The Scottish carrier, which marks its 60th anniversary next year, has become the UK’s largest regional operator after taking over routes from Flybe and also BMI Regional which ceased flying in February 2019.  Currently Loganair has a fleet of 42 aircraft.
(See UK Business Travel outlook in this week’s BTN.)

Known in the past mainly for its flights in support of the Scottish Highlands and Islands Loganair is now going into Heathrow.  Jonathan Hinkles came on board as CEO in 2016 having previously served as commercial director with a spell  between at Virgin Atlantic.
In 2019 the airline picked up five services from its then-sister airline BMI Regional, including and followed that with agreements to take over 16 former Flybe city pairs after that carrier’s collapse just before the Covid crisis.

Speaking at the Aviation Club webinar Hinkles was very open regarding the airline’s current situation.  “If you’d have said to me at this time last year that Loganair would be operating daily scheduled services to London Heathrow, flying regularly to places like Gdansk and Riga, operating two of our Saab 340s as Covid-19 air ambulances and that we’d be flying more than most of Europe’s major airlines, I’d have laughed. Today, it is no joking matter – it is the reality of where we are. Our work in recent years to diversify Loganair’s business, not only geographically but also in terms of cargo versus passenger or charter versus scheduled has also proven crucial.”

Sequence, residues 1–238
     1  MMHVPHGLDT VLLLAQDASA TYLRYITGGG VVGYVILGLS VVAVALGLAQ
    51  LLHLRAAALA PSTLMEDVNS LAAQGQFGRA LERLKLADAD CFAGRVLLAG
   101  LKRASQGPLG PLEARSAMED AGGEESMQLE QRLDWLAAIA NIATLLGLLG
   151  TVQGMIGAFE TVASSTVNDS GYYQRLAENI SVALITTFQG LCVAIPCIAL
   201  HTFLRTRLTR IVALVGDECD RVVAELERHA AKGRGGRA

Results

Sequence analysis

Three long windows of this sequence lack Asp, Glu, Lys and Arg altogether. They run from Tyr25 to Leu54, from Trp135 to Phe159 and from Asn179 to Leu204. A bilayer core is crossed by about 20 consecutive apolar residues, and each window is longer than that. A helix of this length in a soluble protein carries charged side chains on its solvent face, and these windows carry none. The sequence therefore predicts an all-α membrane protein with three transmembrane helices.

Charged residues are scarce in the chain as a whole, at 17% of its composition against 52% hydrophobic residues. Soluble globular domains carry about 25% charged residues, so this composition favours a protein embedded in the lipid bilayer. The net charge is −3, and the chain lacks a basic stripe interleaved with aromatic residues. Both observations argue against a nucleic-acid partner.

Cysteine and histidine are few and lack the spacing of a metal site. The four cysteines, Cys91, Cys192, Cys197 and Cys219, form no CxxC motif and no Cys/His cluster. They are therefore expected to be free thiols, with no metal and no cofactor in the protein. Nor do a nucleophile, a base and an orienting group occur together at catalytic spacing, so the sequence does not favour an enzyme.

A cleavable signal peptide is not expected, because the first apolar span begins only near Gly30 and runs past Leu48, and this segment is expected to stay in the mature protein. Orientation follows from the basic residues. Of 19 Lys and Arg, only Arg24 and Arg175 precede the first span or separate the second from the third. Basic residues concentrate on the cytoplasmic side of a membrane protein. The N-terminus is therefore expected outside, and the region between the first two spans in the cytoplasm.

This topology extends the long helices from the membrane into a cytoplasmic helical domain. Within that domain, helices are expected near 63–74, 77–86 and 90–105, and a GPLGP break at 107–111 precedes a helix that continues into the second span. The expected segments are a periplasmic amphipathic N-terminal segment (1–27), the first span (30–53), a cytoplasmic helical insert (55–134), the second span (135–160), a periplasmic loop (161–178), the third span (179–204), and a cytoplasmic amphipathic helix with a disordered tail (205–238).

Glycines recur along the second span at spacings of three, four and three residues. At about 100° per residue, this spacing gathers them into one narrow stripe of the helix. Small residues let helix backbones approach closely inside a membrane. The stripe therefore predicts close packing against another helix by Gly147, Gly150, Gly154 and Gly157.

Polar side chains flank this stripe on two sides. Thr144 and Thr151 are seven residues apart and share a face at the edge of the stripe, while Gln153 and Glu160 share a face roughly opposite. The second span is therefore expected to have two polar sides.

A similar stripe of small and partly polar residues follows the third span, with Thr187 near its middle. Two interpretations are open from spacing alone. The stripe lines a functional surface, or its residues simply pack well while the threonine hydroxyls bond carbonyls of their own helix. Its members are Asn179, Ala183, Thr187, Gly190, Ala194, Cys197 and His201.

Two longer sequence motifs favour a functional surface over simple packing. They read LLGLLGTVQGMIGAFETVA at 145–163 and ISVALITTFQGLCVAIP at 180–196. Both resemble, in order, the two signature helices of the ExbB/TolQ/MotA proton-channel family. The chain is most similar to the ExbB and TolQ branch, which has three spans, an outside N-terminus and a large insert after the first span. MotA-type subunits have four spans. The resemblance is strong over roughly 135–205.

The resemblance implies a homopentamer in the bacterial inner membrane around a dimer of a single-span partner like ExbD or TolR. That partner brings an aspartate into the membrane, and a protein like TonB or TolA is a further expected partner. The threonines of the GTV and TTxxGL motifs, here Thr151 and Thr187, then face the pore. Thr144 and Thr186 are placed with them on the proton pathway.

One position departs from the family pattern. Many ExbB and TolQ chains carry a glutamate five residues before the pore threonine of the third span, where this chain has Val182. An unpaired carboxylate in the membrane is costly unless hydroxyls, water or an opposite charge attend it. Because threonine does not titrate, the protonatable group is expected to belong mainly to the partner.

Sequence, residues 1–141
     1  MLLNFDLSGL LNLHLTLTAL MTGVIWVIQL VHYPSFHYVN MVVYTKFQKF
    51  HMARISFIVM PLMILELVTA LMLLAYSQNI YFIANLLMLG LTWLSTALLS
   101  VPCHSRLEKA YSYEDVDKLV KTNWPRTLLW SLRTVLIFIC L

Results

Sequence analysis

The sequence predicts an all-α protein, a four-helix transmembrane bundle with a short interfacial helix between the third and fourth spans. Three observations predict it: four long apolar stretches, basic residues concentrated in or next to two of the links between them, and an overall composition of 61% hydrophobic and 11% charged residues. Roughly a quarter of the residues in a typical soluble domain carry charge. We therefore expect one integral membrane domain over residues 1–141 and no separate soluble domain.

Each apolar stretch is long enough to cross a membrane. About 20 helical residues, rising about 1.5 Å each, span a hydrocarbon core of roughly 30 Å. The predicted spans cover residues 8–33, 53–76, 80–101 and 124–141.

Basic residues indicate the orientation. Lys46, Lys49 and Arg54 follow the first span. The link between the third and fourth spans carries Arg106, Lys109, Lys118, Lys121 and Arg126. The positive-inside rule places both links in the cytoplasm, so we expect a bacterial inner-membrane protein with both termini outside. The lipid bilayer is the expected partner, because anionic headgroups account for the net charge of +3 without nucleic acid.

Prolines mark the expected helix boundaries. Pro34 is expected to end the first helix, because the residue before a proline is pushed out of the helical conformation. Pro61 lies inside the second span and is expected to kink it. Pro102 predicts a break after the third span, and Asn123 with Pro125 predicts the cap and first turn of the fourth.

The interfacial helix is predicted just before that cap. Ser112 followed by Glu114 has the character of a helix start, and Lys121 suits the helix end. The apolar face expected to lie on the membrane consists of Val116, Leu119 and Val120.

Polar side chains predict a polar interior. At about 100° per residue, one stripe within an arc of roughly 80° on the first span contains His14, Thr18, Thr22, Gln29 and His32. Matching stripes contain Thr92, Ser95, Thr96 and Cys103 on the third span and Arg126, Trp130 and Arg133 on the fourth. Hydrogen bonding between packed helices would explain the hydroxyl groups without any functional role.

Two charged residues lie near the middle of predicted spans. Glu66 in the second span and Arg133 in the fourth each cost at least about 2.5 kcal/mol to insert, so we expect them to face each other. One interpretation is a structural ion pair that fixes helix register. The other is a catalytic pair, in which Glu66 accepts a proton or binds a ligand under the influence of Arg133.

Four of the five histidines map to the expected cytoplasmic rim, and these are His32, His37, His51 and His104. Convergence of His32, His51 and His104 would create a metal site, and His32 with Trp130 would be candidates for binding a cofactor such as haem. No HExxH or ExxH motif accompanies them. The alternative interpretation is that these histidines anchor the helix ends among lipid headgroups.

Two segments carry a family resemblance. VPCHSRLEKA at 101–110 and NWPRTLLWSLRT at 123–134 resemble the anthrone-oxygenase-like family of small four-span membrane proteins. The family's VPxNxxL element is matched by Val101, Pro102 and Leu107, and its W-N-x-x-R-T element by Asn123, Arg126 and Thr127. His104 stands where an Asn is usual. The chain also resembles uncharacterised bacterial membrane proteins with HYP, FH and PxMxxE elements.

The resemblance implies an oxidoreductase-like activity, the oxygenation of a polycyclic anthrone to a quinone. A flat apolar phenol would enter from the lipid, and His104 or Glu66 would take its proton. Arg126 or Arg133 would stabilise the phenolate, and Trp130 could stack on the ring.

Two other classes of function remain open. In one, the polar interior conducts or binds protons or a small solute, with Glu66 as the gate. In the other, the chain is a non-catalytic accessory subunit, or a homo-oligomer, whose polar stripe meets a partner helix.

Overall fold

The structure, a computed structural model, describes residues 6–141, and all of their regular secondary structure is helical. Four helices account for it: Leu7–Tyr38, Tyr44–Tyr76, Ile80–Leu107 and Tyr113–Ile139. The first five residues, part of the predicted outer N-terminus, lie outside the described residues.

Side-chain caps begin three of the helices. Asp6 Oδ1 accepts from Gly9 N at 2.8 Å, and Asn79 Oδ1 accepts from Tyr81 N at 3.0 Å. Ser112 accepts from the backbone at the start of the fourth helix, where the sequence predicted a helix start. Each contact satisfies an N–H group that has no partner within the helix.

Hinkles says Loganair’s strategy will “remain based on aircraft up to 72 seats.” Together with a fleet of Britten-Norman Islanders, and Viking Twin Otters, the ATR 42/72 and the small Embraer regional jets.  Anything larger is probably not for him.

Hinkles highlighted the partnership with British Airways, and the much smaller Blue Islands at Southampton.